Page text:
William Howard Taft

Message to the Senate Transmitting Authenticated Copy of the Treaty Between the United States and France, Negotiated August 3, 1911

August 04, 1911

To the Senate:

With a view to receiving the advice and consent of the Senate to the ratification of the treaty, I transmit herewith an authenticated copy of a treaty signed by the plenipotentiaries of the United States and France on August 3, 1911, extending the scope and obligation of the policy of arbitration adopted in the present arbitration treaty of February 10, 1908, between the two countries, so as to exclude certain exceptions contained in that treaty and to provide means for the peaceful solution of all questions of difference which it shall be found impossible in future to settle by diplomacy.

Signature of William Howard Taft

The White House, August 4, 1911.

Note: The treaties with Great Britain and France, which were transmitted with the two messages of August 4, 1911, differed from previous pacts having for their purpose the arbitration of international controversies by frankly including in the differences susceptible of adjudication even questions involving national honor, theretofore the most elastic pretexts of war. An idea of the character of the treaties (which were the same in each case) may best be obtained by following the steps provided for therein in a supposititious case of an act contrary to the Monroe Doctrine on the part of Great Britain. Even though such an injury to our national pride aroused a fervor throughout the country as passionate as the popular sentiment that forced the government to declare war in 1898, and even though public opinion and the administration were united in the belief that the question was not properly subject to arbitration, yet would we be bound by the treaty to request Great Britain, through diplomatic channels, to appoint three members to constitute with three American members the Joint High Commission of Inquiry provided for by the treaty. Either party might, according to the treaty, postpone convening the Commission until one year from the date of our request, thus affording opportunity for warlike preparations, for diplomatic negotiations, or for moderate counsels, as the case might be; but if neither party desired such postponement the Commission would convene immediately. The six Joint High Commissioners would hear the two sides of the controversy, subpoena and administer oaths to witnesses, and make a report which should elucidate the facts, define the issues, and contain such recommendations as it may deem appropriate. This report would not be considered as a decision on the facts or the law, and, if five or all of the six Commissioners considered the matter properly subject to adjudication, the controversy would, under the treaty, go to some arbitral tribunal like that at The Hague for settlement, no matter whether or not the people of both countries were unanimous in demanding war.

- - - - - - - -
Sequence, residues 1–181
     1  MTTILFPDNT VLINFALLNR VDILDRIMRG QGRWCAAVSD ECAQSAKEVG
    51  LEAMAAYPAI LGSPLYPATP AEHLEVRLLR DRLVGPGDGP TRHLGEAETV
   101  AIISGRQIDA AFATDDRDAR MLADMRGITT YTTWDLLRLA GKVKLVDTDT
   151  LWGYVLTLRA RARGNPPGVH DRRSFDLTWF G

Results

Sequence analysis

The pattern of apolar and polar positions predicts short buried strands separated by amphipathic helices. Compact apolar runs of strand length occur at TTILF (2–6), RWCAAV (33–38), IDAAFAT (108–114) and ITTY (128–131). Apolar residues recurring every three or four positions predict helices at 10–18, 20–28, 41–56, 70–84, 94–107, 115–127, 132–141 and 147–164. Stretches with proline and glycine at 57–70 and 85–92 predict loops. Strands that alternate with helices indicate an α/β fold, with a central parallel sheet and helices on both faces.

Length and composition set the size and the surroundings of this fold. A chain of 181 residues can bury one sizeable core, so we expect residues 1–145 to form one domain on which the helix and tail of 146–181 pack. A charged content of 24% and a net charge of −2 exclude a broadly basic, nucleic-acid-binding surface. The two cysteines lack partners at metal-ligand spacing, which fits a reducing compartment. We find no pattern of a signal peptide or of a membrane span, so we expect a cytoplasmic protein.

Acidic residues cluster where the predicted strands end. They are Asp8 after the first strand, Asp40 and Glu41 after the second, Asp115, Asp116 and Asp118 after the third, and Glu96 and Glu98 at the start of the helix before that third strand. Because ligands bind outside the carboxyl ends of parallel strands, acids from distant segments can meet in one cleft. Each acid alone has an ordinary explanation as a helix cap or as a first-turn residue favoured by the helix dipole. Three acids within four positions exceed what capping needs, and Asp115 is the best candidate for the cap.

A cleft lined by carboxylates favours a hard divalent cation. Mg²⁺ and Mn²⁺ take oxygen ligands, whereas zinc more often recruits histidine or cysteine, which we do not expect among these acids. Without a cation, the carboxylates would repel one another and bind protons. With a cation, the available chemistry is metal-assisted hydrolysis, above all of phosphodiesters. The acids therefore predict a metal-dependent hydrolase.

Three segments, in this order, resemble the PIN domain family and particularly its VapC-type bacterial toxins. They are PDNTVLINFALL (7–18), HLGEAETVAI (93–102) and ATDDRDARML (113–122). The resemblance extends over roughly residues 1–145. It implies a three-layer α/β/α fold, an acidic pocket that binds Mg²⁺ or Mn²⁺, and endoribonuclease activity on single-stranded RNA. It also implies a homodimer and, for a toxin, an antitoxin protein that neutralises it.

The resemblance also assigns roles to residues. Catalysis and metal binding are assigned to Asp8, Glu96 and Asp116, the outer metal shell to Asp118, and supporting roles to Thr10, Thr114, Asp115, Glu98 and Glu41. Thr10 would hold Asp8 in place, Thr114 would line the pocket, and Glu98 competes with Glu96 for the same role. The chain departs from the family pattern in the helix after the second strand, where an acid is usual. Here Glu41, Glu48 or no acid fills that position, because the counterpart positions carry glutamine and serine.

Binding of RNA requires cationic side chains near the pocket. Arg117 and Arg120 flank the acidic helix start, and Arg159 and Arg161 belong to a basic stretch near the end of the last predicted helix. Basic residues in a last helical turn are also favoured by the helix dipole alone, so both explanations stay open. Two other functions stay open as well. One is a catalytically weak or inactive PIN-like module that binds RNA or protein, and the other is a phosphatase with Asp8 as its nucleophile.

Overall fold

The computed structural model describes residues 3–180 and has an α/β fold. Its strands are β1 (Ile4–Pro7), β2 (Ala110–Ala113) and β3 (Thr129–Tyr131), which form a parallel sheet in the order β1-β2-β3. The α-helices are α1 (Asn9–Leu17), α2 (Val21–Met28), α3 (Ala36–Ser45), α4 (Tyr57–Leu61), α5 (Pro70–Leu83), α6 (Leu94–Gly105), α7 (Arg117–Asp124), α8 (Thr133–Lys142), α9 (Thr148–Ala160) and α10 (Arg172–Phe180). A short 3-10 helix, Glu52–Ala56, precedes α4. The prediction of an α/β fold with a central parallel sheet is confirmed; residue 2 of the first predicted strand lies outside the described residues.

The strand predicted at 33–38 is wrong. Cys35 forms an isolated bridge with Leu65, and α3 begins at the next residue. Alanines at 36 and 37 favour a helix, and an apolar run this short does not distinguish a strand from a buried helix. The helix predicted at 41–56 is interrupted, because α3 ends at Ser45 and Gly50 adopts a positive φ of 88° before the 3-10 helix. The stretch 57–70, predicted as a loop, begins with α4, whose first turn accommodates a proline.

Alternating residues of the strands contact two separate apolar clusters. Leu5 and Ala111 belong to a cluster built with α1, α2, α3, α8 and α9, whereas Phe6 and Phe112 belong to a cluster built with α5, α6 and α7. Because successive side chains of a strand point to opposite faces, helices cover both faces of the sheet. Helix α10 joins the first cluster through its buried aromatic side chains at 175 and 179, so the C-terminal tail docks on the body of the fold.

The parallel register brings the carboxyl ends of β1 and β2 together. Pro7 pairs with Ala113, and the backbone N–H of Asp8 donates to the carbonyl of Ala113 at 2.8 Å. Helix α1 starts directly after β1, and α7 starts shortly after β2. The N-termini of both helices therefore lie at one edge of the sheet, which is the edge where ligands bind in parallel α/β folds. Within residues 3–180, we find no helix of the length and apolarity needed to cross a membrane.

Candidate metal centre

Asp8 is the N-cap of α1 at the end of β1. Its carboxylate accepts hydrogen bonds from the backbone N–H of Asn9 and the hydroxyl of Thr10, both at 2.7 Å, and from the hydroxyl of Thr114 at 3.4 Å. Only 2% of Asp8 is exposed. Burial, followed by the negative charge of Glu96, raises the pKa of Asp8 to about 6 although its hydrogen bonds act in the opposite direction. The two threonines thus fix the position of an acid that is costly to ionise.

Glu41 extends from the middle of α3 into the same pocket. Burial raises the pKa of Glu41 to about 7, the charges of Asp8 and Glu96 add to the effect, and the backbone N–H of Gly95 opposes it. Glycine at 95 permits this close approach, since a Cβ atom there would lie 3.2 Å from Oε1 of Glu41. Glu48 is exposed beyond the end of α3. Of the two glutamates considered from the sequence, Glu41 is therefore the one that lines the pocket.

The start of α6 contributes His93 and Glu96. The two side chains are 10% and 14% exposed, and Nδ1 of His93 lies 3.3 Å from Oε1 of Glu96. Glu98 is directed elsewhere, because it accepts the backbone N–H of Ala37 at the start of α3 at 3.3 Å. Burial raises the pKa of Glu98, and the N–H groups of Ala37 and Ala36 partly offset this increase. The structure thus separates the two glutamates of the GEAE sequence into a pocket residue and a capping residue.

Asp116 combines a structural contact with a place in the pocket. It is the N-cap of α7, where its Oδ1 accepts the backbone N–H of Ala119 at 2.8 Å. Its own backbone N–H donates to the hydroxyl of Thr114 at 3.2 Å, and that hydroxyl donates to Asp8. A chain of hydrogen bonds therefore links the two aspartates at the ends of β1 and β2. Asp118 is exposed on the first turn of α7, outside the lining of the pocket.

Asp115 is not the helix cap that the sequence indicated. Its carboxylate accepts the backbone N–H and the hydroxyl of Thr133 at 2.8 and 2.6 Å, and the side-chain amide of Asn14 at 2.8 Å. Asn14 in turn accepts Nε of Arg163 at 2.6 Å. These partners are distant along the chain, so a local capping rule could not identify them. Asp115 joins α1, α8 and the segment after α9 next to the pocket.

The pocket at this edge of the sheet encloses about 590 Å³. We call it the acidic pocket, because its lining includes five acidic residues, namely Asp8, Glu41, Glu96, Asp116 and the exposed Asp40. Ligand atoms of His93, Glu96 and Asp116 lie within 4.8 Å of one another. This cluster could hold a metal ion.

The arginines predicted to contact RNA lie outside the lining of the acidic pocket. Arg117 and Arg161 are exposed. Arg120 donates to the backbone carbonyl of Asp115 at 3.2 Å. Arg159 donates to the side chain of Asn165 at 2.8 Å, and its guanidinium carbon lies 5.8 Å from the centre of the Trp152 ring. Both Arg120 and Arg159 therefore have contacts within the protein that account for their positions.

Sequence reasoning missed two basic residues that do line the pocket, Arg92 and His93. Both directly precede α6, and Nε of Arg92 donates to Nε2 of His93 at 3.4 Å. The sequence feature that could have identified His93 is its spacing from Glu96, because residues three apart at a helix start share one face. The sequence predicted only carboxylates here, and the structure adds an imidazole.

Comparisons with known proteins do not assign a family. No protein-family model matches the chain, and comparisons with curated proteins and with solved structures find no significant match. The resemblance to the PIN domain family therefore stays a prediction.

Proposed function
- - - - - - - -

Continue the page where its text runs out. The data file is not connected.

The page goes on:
William Howard Taft, Message to the Senate Transmitting Authenticated Copy of the Treaty Between the United States and France, Negotiated August 3, 1911 Online by Gerhard Peters and John T. Woolley, The American Presidency Project https://www.presidency.ucsb.edu/node/365183

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